By Nick Squires
In a new book, Father Amorth, the exorcist for the diocese of Rome, gives a bizarre account of how he and two assistants brought a pair of “possessed” Italian men to one of the Pope’s weekly audiences in St Peter’s Square in May 2009. In his book, “The Last Exorcist – My Fight Against Satan”, he claimed the mere presence of the pontiff cured the men of their demonic afflictions.
Father Amorth said his two female assistants escorted the two men into St Peter’s Square as the Pope was driven between crowds of faithful in the white “Popemobile” jeep. The women managed to obtain seats for the two men in an area of seating normally reserved for the disabled. As the Pope approached them, the men, identified only as Marco and Giovanni, began to act strangely, Father Amorth wrote.
He described how they trembled and how their teeth chattered. When one of the assistants asked Giovanni to control himself, he said “I am not Giovanni” in a voice that was not his own, Father Amorth claimed.
As soon as the Pope stepped down from the “Popemobile’ the two men flung themselves to the floor. “They banged their heads on the ground. The Swiss Guards watched them but did nothing,” the priest wrote.
“Giovanni and Marco started to wail at the same time, they were lying on the floor, howling. “They were trembling, slobbering, working themselves into a frenzy.
“The Pope watched from a distance. He raised an arm and blessed the four of them. For the possessed it was like a furious jolt – a blow to their whole bodies – to the extent that they were thrown three metres backwards,” he continued.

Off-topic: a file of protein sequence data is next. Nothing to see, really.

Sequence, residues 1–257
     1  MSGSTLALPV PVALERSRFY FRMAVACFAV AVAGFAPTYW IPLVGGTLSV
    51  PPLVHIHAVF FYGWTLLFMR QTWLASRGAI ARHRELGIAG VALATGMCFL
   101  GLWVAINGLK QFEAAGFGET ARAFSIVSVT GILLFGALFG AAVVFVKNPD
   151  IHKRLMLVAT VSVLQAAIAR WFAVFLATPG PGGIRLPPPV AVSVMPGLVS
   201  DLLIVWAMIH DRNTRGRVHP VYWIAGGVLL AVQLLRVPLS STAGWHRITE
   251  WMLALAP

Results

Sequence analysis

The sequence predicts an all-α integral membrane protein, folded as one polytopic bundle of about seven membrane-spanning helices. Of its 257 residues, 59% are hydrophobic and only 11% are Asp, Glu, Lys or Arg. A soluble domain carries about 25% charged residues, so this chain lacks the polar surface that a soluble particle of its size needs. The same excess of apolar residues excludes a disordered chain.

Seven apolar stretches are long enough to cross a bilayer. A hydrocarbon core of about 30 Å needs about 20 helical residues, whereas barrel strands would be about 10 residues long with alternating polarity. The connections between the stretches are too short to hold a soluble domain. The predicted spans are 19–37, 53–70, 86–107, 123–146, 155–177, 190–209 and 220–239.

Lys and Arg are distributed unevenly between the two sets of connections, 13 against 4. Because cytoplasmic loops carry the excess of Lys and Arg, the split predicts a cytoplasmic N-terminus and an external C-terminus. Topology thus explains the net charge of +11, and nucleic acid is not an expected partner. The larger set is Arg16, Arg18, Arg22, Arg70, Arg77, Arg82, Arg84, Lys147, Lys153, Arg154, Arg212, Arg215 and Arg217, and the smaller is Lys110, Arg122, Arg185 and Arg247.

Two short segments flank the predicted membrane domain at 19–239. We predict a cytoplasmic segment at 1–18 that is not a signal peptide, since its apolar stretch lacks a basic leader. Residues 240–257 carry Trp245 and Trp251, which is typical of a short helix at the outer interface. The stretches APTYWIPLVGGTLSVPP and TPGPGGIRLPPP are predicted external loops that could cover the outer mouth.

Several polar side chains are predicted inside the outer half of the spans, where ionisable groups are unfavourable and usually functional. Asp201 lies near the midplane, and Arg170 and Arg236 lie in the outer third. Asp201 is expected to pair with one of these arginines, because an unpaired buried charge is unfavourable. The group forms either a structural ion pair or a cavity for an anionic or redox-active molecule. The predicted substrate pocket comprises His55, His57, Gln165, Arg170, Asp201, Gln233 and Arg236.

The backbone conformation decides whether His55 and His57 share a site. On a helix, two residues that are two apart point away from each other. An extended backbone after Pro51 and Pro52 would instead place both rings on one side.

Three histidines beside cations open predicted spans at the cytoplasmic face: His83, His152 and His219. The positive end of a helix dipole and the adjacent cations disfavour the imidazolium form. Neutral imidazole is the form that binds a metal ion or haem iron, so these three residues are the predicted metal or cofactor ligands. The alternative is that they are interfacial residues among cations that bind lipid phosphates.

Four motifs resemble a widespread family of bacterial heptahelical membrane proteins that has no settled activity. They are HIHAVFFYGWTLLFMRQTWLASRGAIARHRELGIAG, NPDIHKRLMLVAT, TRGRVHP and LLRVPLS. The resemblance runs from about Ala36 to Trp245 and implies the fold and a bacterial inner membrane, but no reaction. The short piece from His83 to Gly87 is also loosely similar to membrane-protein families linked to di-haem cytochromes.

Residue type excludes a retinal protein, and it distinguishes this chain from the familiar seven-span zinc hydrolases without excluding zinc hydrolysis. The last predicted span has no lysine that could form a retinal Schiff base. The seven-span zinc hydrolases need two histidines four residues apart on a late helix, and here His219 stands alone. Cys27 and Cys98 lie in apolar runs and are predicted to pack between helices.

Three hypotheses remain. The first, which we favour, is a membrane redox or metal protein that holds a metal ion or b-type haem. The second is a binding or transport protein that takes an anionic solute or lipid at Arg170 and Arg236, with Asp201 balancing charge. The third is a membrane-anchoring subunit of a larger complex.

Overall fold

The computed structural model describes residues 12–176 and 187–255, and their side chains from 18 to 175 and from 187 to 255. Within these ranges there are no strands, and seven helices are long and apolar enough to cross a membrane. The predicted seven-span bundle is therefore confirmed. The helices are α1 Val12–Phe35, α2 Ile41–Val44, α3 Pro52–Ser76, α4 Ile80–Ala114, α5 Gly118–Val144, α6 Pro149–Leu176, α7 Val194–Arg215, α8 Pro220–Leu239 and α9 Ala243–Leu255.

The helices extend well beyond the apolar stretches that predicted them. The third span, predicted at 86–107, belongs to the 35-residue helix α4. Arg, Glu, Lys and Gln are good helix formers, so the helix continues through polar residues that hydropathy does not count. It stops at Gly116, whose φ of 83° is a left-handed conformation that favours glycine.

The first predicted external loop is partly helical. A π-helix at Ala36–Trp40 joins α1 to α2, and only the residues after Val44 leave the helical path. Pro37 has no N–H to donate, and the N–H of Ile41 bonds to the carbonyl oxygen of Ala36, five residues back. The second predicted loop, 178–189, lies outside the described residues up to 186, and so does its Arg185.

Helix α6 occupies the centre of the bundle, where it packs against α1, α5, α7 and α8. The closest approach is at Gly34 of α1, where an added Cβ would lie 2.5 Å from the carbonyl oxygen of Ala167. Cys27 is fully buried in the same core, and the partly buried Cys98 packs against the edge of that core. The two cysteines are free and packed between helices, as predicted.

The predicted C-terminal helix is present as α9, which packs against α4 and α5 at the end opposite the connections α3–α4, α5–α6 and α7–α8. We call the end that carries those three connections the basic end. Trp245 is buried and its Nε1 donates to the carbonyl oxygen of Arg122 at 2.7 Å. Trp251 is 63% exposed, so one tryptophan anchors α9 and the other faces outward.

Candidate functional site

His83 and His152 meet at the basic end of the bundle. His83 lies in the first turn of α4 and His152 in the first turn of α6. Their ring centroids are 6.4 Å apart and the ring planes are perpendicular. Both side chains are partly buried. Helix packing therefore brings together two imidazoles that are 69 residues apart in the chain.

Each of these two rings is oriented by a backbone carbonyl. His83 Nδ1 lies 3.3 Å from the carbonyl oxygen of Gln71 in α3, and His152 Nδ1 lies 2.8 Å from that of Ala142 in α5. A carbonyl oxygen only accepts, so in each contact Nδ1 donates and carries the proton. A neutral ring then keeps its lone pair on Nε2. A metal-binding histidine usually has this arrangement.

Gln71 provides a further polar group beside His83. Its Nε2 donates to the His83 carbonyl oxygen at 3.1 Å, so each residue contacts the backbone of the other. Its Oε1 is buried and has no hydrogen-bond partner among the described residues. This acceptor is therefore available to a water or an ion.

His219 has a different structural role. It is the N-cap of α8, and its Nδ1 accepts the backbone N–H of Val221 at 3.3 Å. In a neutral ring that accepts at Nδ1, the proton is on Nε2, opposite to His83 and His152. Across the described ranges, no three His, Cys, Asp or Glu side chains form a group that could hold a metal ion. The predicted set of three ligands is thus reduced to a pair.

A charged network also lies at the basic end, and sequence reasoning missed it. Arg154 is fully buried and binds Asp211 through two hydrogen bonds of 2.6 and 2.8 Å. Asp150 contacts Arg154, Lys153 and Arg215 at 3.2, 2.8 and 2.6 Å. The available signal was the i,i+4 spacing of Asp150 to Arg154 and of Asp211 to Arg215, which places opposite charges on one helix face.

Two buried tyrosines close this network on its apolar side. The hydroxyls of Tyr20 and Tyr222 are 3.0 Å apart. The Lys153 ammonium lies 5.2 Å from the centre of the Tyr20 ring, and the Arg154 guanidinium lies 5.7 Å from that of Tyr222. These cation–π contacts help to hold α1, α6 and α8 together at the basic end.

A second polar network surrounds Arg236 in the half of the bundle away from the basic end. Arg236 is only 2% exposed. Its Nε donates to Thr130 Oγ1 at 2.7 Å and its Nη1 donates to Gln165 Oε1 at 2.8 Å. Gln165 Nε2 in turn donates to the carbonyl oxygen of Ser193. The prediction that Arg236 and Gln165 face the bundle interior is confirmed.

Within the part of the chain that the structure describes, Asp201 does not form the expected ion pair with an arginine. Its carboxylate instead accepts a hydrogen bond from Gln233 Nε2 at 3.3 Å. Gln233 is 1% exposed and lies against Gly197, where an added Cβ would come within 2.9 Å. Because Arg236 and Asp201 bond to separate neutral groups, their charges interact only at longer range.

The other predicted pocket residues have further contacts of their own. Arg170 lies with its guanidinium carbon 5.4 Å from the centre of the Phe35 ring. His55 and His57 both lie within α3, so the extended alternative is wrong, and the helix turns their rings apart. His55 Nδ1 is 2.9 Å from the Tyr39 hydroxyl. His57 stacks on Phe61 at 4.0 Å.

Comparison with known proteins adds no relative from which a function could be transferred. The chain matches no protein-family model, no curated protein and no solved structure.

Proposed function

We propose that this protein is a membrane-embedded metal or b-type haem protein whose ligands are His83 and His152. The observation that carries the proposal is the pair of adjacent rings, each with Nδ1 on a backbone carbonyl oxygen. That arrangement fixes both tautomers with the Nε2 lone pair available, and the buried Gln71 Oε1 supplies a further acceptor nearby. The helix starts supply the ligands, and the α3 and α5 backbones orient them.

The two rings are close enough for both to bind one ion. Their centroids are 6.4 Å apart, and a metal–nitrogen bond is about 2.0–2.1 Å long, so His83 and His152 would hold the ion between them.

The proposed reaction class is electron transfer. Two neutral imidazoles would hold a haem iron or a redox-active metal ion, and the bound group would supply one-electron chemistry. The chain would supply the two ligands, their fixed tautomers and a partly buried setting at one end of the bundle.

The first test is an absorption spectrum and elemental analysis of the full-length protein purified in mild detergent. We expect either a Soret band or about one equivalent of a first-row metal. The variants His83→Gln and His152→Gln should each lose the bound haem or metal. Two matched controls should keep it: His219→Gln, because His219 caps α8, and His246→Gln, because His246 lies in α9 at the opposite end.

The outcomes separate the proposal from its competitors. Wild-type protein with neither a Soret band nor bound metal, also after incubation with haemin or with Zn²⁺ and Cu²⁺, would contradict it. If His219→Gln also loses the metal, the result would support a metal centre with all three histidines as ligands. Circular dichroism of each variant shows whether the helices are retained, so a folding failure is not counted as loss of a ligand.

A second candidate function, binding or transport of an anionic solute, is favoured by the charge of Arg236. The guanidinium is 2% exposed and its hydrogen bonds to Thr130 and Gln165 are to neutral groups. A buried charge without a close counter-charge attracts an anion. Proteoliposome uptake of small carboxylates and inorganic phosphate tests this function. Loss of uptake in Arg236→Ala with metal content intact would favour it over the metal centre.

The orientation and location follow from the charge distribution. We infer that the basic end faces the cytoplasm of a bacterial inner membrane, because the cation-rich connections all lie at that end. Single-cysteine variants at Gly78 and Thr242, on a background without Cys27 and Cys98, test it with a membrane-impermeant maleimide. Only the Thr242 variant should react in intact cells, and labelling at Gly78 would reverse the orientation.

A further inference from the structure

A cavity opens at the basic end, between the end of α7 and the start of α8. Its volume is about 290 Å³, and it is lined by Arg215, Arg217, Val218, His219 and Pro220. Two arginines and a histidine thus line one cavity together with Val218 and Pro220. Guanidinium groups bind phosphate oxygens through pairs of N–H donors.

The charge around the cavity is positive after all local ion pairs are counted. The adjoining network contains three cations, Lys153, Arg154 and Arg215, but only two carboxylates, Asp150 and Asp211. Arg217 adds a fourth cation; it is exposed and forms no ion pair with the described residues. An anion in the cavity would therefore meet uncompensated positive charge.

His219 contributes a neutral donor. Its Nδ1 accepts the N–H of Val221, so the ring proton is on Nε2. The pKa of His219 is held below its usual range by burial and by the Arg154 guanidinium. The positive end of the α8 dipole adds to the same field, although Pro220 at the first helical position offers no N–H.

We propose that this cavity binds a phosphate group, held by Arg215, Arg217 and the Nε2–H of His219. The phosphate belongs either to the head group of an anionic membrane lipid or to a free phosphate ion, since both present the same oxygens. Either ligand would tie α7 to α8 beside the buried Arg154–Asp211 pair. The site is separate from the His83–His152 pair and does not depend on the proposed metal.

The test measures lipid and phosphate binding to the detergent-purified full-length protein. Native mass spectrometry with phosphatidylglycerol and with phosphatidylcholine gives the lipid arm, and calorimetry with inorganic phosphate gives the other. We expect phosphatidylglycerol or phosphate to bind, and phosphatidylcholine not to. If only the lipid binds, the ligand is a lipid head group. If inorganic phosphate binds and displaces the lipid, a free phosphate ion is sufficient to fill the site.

“They stopped howling but they cried uncontrollably.” Father Amorth, who claims to have conducted thousands of exorcisms, wrote: “It is no mystery that the Pope’s acts and words can enrage Satan…that simply the presence of the Pope can sooth and in some way help the possessed in their fight against the one who possesses them.”
Federico Lombardi, the Vatican’s spokesman, disputed the account, saying Benedict was not aware of the men’s afflictions and had not intended to carry out an exorcism.
Father Amorth is a controversial figure whose outspoken views have embarrassed the Vatican in the past.
In November he branded yoga as “evil”, claiming that it leads to a worship of Hinduism and other Eastern religions based on “a false belief in reincarnation”.
He has also railed against Harry Potter, saying the children’s books seem innocuous but in fact encourage children to believe in black magic and wizardry. The Devil “studies every one of us and our tendencies towards good and evil,” said Father Amorth, whose new book is sub-titled: “It’s not me who is frightened of the Devil, it is he who is frightened of me”.